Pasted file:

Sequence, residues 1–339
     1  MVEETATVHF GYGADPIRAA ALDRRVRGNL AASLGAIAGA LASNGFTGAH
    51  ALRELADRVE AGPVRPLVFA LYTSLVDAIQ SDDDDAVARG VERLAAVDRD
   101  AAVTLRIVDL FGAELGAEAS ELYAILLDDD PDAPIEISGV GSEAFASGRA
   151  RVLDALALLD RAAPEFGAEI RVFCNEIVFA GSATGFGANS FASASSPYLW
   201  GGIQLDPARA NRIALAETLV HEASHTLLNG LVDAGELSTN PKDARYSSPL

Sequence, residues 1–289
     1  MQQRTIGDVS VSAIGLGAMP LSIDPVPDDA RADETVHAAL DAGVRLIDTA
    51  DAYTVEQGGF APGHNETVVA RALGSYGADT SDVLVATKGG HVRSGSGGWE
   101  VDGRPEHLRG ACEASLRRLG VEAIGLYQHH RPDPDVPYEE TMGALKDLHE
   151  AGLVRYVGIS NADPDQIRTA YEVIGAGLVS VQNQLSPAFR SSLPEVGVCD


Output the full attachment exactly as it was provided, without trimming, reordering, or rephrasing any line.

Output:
Sequence, residues 1–339
     1  MVEETATVHF GYGADPIRAA ALDRRVRGNL AASLGAIAGA LASNGFTGAH
    51  ALRELADRVE AGPVRPLVFA LYTSLVDAIQ SDDDDAVARG VERLAAVDRD
   101  AAVTLRIVDL FGAELGAEAS ELYAILLDDD PDAPIEISGV GSEAFASGRA
   151  RVLDALALLD RAAPEFGAEI RVFCNEIVFA GSATGFGANS FASASSPYLW
   201  GGIQLDPARA NRIALAETLV HEASHTLLNG LVDAGELSTN PKDARYSSPL

Sequence, residues 1–289
     1  MQQRTIGDVS VSAIGLGAMP LSIDPVPDDA RADETVHAAL DAGVRLIDTA
    51  DAYTVEQGGF APGHNETVVA RALGSYGADT SDVLVATKGG HVRSGSGGWE
   101  VDGRPEHLRG ACEASLRRLG VEAIGLYQHH RPDPDVPYEE TMGALKDLHE
   151  AGLVRYVGIS NADPDQIRTA YEVIGAGLVS VQNQLSPAFR SSLPEVGVCD